“We just had our population increased by over a quarter in the space of barely 10 years. And the infrastructure can’t catch up. You can’t build schools and hospitals and doctors’ surgeries fast enough,” Cooper says.
Still, Cooper believes most of the immigrants now living in Boston will stay in the town and he’s happy for them to remain, working in local businesses and, in some cases, running their own.
It’s not too many, it’s we’ve got enough. We can’t go on at the speed we were going
“I know a lot of eastern European families who have bought houses and settled down. This is their home now, they’ve been here 10 or 12 years and they’re going to stay. It’s moved out from working in factories and picking and packing, because now we’ve got Polish garages, hairdressers and everything else. They’ve started businesses. Most of the eastern European shops are really good and a lot of British people shop in them as well.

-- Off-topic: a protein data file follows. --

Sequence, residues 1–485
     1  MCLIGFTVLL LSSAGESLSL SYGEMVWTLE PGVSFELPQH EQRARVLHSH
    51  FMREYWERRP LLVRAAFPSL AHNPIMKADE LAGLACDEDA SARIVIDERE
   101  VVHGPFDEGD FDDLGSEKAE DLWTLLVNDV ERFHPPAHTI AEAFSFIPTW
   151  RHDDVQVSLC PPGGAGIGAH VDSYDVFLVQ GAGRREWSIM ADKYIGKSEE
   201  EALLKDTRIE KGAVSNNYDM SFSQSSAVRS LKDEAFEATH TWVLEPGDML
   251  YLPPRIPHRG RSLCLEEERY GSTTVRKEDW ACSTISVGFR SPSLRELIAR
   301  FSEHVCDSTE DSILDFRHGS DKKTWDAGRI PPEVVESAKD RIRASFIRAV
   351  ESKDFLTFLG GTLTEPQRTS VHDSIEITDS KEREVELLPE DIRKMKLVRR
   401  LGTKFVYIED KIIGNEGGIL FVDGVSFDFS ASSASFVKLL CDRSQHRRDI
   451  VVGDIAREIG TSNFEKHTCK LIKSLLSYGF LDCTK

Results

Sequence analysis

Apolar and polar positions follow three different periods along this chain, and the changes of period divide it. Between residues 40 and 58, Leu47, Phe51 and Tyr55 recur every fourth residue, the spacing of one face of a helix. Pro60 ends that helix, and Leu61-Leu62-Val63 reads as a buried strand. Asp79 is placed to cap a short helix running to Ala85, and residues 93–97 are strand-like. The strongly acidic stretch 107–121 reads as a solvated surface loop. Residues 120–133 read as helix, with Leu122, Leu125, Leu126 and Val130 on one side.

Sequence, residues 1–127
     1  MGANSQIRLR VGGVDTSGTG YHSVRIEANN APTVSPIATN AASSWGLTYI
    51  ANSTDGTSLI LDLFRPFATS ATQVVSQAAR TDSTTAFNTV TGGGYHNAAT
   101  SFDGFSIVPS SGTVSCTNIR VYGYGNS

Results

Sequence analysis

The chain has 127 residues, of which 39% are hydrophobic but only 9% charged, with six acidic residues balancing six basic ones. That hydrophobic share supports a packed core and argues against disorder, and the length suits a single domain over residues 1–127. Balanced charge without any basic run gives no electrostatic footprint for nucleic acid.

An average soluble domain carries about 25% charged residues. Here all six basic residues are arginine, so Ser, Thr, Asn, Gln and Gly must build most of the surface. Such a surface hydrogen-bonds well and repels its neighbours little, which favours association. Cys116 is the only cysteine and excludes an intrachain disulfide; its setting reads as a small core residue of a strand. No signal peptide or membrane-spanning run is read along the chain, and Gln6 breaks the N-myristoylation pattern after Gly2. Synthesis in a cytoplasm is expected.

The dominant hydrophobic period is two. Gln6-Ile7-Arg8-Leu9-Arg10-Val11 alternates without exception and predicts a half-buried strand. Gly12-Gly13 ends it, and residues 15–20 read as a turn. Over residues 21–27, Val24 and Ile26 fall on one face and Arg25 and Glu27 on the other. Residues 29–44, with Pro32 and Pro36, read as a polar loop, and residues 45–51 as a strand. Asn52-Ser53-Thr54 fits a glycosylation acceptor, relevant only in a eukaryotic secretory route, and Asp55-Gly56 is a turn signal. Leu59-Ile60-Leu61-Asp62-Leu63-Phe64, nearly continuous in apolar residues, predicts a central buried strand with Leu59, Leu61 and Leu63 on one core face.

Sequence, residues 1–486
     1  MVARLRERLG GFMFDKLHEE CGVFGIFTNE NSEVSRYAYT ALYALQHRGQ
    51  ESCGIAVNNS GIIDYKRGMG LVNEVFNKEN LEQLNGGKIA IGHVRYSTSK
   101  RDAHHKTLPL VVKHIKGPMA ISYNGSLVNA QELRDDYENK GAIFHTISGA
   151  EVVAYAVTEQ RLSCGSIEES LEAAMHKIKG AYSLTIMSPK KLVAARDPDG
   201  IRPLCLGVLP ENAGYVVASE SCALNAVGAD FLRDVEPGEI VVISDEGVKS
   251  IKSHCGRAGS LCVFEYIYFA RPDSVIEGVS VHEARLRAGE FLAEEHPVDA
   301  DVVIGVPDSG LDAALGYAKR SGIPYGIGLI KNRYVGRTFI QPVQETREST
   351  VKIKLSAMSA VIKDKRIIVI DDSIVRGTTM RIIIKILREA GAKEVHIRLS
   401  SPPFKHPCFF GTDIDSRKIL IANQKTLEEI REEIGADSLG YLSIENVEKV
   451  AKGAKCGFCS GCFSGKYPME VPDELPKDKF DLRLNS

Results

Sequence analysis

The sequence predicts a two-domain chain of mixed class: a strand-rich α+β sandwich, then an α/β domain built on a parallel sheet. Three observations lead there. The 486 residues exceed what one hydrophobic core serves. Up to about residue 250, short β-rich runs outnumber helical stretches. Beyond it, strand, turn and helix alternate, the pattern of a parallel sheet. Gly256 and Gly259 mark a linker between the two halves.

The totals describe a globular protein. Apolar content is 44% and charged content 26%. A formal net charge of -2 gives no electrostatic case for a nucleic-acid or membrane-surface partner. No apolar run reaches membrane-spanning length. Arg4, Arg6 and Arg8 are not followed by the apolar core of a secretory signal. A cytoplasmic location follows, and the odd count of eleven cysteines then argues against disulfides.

“It’s not too many, it’s we’ve got enough. We can’t go on at the speed we were going. We couldn’t do another 10 years and put that many people in again,” he says.
If immigration was one driver of the Brexit vote, impatience with Brussels was another, and many Bostonians complain about EU “meddling” in regulations surrounding the food industry. Cooper says he sees little sign of buyer’s remorse over the Brexit vote, even as the economic consequences of leaving the EU become more apparent.
“I think a lot of people realised that there was quite likely to be an economic hit. But overall, at the end of the day, we will be better off and a lot of our industries will be better off,” he says.
“I think we’ll go back to trading with our old allies, people like New Zealand, Australia, India, emerging markets. There’s a lot of good markets, there’s a lot that we can do. I think people will cope with whatever comes along.”